Now it's all set to use FindBugs! Just right-click on a project in the Application Navigator and select "FindBugs". An HTML report will be generated in project's folder and standard output and error will be sent to JDev's Message View.

Enjoy your new tool!

Thursday, March 13, 2008

Important Tip for Clustered OracleAS

by Eduardo Rodrigues

Hi everybody!

Recently we've upgraded OracleAS environments in one of our biggest clients here in Brazil from version to version To do that, we've applied patchset #6148874 (which can be downloaded from Oracle Metalink) carefully following all the instructions found in its installation guide. As expected, the patchset application went perfectly fine and all of our configured containers and applications were still there, up and running, and everybody was happy... until we noticed that one of our oldest and most annoying problems was still there: using ASControl to manage our clustered production environment sometimes was just impossible due to its unacceptable performance when trying to access anything in cluster topology context.

Unfortunately, the only workaround we knew was to restart ASControl application in the cluster's "master node" (the node elected to run the ascontrol application). Fortunately, today I found the problem and also the solution for this situation.

There's a documented bug on Metalink (bug #6601697) explaining that this problem is caused by the underlying RMI communication between the ASControl and the other components of the cluster. ASControl uses RMI protocol to connect to other nodes, makes some request and then waits for a response. The problem is that there's no timeout for this response waiting. If one or more components are in a heavy load situation, for example, ASControl will keep waiting for their responses, which can take too long, causing the impression that ASControl stopped working.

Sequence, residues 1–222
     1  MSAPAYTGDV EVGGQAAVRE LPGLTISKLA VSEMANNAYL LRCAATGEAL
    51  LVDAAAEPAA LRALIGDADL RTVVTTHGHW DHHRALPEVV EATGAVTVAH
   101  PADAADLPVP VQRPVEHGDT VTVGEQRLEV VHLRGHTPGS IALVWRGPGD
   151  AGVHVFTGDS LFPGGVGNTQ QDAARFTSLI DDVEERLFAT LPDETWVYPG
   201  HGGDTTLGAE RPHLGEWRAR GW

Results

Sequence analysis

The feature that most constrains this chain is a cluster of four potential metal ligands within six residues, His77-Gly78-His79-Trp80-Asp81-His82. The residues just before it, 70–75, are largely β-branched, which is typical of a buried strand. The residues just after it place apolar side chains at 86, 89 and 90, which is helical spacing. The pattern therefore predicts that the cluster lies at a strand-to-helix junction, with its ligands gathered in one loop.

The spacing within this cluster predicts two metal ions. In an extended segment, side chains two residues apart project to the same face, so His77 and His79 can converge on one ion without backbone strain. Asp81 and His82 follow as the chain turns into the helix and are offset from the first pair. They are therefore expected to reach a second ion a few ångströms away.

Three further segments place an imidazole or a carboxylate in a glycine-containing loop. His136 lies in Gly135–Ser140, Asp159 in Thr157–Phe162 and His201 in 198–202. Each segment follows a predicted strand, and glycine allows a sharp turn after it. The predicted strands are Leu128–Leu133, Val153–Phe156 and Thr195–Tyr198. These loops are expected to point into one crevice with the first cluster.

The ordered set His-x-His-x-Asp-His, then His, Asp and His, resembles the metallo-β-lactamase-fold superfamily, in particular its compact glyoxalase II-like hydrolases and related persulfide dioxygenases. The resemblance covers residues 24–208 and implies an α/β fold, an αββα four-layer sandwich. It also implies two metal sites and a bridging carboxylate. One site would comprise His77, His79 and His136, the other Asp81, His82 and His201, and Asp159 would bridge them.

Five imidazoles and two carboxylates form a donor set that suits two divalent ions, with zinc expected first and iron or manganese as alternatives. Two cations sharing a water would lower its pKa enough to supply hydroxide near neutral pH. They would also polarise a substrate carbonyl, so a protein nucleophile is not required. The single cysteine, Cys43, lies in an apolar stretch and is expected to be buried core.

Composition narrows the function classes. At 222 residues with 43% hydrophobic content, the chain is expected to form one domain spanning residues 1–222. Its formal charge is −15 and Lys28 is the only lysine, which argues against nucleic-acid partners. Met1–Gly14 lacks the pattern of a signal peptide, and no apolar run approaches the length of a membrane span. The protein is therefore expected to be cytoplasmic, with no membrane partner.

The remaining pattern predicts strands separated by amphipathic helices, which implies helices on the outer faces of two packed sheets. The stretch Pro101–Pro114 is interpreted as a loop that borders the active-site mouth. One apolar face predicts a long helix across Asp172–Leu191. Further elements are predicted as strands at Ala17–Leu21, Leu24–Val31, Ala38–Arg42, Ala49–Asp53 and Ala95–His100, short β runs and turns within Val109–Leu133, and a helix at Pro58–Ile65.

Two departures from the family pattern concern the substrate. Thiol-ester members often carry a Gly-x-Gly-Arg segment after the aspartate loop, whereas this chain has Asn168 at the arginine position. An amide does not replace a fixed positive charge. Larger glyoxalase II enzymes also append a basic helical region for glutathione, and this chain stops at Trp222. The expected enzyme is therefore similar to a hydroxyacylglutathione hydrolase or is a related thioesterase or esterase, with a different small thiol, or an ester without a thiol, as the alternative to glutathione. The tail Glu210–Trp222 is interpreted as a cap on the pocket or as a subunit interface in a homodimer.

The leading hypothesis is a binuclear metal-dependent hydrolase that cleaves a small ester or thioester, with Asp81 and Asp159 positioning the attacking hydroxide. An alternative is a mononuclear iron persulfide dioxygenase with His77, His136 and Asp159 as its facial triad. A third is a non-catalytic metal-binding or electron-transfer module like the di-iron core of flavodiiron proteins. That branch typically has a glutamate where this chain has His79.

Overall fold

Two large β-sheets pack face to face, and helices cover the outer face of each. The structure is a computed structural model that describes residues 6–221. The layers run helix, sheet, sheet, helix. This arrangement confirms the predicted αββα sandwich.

In fact, this problem is known since version but it seems that patchset does not include the correction as it should. So, for now, the solution is to apply the one-off patch #6124143, also found on Metalink. This patch is originally targeted to OracleAS but, as written in bug #6601697, it's ok to apply it on version though. We just have to follow these simple instructions, found in the bug, before actually applying it:
  1. Edit the patch file etc/config/actions and replace by

  2. Edit etc/config/inventory and replace by

Once it's successfully applied, we must use ASControl to navigate to the OC4J instance where ascontrol application is running (typically the "home" instance). Click on Administration -> Server Properties -> Command Line Options -> Start-parameters: Java Options and add "-Drmi.client.connection.timeout=X", where "X" should be the number of seconds to wait for a RMI response before timeout. The bug suggests 5 seconds.

We've successfully applied this one-off patch in our OracleAS environment and, until now, it seems to have solved the problem.

I feel this might be a problem faced by many other OracleAS 10.1.3 users so I hope this post can help them.

Cheers and... keep reading!